Home and Community Safety & Health Safety COVID-19

Children’s burn injuries rose during early part of pandemic: Pediatrician group

Photo: miracsaglam/iStockphoto

Itasca, IL — Unintentional burn injuries among children climbed 32.5% during the first six months of the COVID-19 pandemic compared with the same period in the previous year, new research from the American Academy of Pediatrics shows.

Researchers analyzed March-September data from 2019 and 2020 from nine Level I pediatric trauma centers. They found that 522 children were treated for burn injuries in 2020, compared with 394 prior in 2019.

The researchers say the marked increase likely stemmed from children being out of school “for extended periods of time” as a result of stay-at-home orders.

Although all types of burns increased during the pandemic period, fireworks may have triggered the surge in burns from exposure to open fire. The study abstract states that the difference in unintentional burn injuries between 2019 and 2020 was largest in July, which coincides with the widespread cancellation of professional fireworks shows for the Independence Day holiday in 2020.

“COVID-19 and stay-at-home orders inevitably created a new dynamic between children and their social environment,” abstract co-author Christina Georgeades, a physician and pediatric surgery research fellow at Children’s Wisconsin, said in a press release. “Understanding specific factors that contributed will be key in minimizing the risk of future burn injuries as we continue to navigate the pandemic environment.”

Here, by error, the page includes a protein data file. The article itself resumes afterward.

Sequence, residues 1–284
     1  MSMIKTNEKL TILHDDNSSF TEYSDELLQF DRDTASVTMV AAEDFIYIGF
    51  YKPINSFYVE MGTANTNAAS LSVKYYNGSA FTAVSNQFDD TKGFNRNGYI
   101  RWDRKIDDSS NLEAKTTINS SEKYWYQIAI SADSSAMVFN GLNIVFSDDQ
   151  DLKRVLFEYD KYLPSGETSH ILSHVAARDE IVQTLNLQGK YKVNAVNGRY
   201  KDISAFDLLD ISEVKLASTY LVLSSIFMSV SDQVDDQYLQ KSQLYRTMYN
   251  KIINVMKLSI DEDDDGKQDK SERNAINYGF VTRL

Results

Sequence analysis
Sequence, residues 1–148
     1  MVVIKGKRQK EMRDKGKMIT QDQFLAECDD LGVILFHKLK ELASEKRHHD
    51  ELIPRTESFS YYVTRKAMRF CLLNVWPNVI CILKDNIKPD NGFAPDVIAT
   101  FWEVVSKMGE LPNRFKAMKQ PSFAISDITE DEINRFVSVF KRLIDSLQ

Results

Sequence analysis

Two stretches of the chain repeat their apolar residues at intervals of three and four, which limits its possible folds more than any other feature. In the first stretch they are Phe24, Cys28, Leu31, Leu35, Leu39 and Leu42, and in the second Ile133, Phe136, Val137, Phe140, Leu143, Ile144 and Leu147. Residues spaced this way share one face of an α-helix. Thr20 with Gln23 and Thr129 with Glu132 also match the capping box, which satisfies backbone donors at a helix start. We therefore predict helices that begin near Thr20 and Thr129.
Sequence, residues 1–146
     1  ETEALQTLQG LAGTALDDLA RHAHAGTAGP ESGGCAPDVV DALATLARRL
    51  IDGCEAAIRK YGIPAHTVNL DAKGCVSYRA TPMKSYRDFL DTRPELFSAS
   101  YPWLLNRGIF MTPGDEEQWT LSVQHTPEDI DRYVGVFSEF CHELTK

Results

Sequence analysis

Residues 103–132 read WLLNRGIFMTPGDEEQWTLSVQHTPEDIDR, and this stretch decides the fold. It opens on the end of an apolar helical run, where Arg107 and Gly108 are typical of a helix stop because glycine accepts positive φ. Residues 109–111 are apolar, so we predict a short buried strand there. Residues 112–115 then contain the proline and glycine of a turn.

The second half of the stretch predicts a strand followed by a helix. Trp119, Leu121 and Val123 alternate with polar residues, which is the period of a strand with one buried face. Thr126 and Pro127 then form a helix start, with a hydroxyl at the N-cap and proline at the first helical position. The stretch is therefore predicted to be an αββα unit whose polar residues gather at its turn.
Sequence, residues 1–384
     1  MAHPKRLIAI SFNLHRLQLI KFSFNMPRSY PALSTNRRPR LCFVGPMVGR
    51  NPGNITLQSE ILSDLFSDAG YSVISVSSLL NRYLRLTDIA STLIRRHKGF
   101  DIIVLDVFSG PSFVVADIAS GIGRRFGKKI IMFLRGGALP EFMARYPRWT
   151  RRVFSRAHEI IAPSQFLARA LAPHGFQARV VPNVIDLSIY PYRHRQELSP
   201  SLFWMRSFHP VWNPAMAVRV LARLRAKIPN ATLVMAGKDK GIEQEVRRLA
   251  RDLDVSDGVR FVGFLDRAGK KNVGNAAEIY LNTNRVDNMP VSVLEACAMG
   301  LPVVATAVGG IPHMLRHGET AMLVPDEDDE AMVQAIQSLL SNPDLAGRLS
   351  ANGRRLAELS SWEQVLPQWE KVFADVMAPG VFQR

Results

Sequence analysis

To mitigate the risk of burns around the home, AAP recommendations include:

  • Install at least one smoke detector on every floor of the home, testing them monthly.
  • Practice home fire drills.
  • Keep several working fire extinguishers around the home where the risk of fire is greatest, such as in the kitchen and furnace room, as well as near the fireplace.
  • Teach children to crawl to the exit if smoke has filled the room, and to stop, drop and roll on the ground if their clothing catches fire.
  • Help avoid tap water scalds by adjusting your water heater so the warmest temperature at the faucet is no hotter than 120° F.
  • Avoid overloading extension cords.
  • Keep matches and lighters locked up and out of reach of children.
  • Avoid all fireworks.

AAP offers guidance for treating burns:

  • Soak the burn in cool water as quickly as possible. Don’t treat burns with ice; rubbing; or home remedies such as butter, grease or powder.
  • Immediately soak smoldering clothing with water, then remove clothing from the burned area. If clothing is stuck firmly to the skin, cut away material as much as possible.
  • Cover the burn with a sterile gauze pad or a clean, dry cloth if the injured area isn’t oozing.
  • If a burn is oozing, cover it lightly with sterile gauze and seek medical attention immediately.

The abstract was presented Oct. 10 as part of the virtual AAP National Conference & Exhibition.

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